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Re: A first practical step on the documentary problem



I think that people need to look at the broader picture.  The standards of 
so-called "scientific" documentaries on a wide range of subjects can be pretty 
appalling - just look at the pseudoscientific nonsense set out in programs 
about such things as, for example, the age of the Sphinx.  Dino docs are just 
part of the problem of "infotainment".

Sometimes I think that the most we can expect is some sort of disclaimer 
indicating that such programs are intended as entertainment and are based on 
imagination and guesswork (however informed), and should not be taken as an 
accurate depiction of something which no scientist ever has, or ever will, see. 


Sent from my iPhone

On Jan 3, 2010, at 8:14 PM, GSP1954@aol.com wrote:

The discussion on the problem of documentaries clarified some possibilities 
in terms of what is and is not practical at this time. 

Some commentators said that nothing can be done because those producing the 
documentaries will just go ahead and do what they like. This is both 
defeatist and unrealistic. Although it is not possible to gain complete control 
over the situation and prevent any defective programs or segments from being 
produced, many producers will respond positively -- some simply from being 
made better aware that there is a problem they may not have previously 
realized, others from pressure -- and the product can be improved. 

Some downplayed the problem, suggesting that errors are soon forgotten by 
the public. This is doubtful, flawed ideas often take on a life of their own 
and can be hard to kill off. Nonscientists often assume that when something 
is stated on a documentary it must be  true. A given documentary may be 
repeated a number of times over the years, reinforcing the mistakes. And there 
is just no excuse for many errors -- such as the statement in one program 
that T rex had a brain as large as a gorilla's with the implication it was very 
intelligent, or the hadrosaur explicitly shown chewing like an ungulate. 
Something needs to be done, the question is what.

It looks like having an organization such as SVP operate a constant vetting 
program is not an option in part because such groups are already overloaded 
with other projects,  as well as other issues. 

Probably the best thing to start with would be a statement of principles 
for nonfiction programs on prehistoric life. Because it is a straightforward 
project perhaps SVP can handle it. The document can start with a statement of 
concern that the unprecedented and now permanent proliferation of programs 
has often failed to meet scientific standards, and that the situation needs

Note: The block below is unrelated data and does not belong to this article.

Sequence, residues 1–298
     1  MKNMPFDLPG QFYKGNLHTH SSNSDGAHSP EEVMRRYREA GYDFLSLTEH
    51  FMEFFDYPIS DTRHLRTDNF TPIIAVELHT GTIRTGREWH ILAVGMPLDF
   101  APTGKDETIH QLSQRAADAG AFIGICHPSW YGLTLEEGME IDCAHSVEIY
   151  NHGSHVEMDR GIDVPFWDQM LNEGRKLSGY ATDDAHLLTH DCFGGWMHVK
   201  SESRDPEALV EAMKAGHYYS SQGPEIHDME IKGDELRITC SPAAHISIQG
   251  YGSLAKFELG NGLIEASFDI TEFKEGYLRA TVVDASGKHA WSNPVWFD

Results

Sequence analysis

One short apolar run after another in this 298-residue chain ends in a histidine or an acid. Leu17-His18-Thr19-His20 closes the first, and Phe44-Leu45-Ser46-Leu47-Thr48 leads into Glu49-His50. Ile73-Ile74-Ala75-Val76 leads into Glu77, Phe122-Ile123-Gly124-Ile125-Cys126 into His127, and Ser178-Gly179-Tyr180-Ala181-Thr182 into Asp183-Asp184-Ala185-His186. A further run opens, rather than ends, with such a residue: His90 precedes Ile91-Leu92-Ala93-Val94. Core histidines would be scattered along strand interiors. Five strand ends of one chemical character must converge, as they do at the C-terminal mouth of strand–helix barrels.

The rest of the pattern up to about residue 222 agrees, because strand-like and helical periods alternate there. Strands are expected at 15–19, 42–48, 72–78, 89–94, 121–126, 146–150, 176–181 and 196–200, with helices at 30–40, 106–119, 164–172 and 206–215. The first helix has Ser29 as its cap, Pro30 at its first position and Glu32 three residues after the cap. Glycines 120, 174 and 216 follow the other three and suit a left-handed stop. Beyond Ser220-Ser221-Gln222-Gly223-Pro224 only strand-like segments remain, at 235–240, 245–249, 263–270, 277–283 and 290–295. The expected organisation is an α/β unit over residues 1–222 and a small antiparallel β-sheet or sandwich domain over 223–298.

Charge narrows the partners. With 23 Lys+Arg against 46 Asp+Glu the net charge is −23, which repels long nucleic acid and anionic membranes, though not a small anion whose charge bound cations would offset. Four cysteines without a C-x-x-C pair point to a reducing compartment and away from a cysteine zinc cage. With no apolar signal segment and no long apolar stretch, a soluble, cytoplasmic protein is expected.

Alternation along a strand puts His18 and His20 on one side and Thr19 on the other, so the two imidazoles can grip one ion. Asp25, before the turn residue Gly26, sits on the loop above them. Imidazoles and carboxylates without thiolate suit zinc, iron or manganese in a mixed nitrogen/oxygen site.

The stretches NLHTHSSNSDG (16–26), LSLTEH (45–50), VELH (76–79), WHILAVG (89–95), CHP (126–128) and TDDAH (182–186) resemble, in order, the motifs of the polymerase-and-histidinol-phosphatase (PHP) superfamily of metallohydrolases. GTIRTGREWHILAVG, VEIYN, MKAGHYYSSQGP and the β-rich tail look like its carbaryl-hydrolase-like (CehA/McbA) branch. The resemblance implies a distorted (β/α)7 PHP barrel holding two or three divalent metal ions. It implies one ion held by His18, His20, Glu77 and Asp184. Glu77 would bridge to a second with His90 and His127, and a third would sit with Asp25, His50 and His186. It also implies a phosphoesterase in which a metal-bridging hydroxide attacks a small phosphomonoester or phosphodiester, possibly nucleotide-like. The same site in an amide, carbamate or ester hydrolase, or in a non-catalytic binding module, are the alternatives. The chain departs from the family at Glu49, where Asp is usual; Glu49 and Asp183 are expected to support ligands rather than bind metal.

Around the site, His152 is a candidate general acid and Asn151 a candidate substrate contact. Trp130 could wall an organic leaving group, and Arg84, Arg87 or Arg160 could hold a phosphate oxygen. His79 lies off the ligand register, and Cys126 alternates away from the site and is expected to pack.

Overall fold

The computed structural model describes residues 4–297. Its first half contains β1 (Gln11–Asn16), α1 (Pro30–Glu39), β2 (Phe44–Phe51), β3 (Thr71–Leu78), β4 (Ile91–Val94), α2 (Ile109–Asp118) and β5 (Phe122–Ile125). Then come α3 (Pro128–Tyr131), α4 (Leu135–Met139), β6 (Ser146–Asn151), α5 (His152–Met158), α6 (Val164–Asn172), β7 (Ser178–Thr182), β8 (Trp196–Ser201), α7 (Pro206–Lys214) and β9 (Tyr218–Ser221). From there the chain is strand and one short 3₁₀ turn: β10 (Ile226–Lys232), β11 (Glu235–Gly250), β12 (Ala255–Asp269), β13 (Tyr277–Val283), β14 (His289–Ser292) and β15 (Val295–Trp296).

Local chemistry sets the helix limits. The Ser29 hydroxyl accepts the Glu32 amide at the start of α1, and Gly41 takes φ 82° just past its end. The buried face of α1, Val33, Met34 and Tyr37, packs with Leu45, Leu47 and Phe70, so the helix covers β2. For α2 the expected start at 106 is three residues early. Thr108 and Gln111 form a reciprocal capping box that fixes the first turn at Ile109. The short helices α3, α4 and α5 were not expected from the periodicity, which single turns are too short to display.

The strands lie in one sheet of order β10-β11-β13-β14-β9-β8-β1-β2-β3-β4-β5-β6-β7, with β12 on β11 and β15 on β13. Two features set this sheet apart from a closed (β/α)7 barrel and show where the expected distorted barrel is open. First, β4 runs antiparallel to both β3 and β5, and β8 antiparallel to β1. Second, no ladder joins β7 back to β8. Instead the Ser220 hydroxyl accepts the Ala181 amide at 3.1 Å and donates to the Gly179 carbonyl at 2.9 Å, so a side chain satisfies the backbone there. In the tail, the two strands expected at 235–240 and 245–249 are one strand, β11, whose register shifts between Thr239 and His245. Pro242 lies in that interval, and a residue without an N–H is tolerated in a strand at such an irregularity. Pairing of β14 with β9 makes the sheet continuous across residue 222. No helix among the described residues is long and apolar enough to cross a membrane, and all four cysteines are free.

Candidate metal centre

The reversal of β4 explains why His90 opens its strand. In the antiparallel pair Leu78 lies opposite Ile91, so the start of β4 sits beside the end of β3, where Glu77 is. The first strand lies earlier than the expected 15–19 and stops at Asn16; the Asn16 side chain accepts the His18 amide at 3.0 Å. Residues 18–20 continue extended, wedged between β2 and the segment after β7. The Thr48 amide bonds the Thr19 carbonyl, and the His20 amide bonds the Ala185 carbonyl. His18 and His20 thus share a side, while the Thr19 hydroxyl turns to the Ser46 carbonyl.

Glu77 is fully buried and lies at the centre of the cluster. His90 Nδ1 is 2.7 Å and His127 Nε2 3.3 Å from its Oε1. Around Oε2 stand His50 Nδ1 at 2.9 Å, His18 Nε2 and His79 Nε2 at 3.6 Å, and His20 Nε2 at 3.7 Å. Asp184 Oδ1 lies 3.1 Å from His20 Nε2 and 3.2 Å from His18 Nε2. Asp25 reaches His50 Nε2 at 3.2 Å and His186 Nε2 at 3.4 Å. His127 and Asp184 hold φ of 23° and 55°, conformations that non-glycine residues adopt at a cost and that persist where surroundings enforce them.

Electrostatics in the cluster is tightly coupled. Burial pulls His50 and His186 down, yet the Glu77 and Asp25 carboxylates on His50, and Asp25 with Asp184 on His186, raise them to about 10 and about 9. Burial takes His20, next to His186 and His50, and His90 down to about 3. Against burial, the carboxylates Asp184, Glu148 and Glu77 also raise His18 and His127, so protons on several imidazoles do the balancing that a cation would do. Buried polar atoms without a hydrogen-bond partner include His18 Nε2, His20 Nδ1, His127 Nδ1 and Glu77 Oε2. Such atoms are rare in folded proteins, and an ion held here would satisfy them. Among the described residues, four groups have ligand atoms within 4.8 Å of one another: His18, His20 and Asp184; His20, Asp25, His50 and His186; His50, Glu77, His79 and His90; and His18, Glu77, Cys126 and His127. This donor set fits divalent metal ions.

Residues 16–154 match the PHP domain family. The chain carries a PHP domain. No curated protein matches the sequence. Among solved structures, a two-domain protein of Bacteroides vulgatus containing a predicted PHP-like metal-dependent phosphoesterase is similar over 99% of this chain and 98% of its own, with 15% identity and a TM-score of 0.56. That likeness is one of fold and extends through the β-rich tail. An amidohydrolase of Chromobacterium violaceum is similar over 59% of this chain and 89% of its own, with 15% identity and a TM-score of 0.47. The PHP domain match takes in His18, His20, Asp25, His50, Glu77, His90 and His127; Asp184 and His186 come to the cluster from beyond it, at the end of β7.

correction over the short and long term. The statement should list the 
minimal characteristics necessary in a scientific documentary -- such as the 
views of researchers who appear should never be misrepresented, and 
controversial ideas should not be presented as established facts. At the same 
time it 
should be worded in a manner that does not unduly conflict with the academic 
freedom of researchers to present controversial ideas. It would not much 
effort to put together the document, and could be handled through SVP or the 
like using people familiar with the problem. 

Producers and researchers can be asked to adhere to the standards. When 
asked to participate in a documentary paleontologists can conveniently state 
they will do so only if the producers adhere to the guidelines. Whether it is 
practical to allow programs that meet the standards to carry some sort of 
seal of approval may not be achievable at this time. 

The statement should be released to the press. This would do a number of 
things. It would certainly garner a lot of publicity. This in turn would alert 
the public the fact that past documentaries have contained flaws and should 
be taken with a grain of salt.  

Producers would receive a heads up that there is a problem, that the paleo 
community is fed up with the situation, and would be aware that they are now 
being held to a set of standards. Just how much effect this would have is 
not clear because it has not been tried before. The only way to find out is 
to try. It can't hurt. 

If the statement is effective then it might be expanded to other others of 
science, perhaps in a general statement on scientific documentaries in 
general. Same for those of historical subjects. Could be used as template for 
this sort of thing. 

If the statement proves ineffective then further steps can be considered. 

On the same track, it might be a good idea for a group of those who work in 
paleo to set up a company to produce programming. Would need to include 
some media profressionals experienced in creating documentaries. 

On an individual basis always feel free to refuse to provide assistance 
unless one receives monetary compensation above expenses. $750 a day is not unco
mmon, but ask what you think your time is worth. If they refuse for one 
reason or another then that's more time for you to do what you want or need to 
do. 

As a pet peeve I would like to see higher standards in the quailty of the 
dinosaur animation, which is often not much better than the models I was 
pulling out of cereal boxes in the 60s. Getting the animators to stick to the 
provided plans can be like pulling teeth, they tend to want to add in their 
own preconceptions.  

GSPaul</HTML>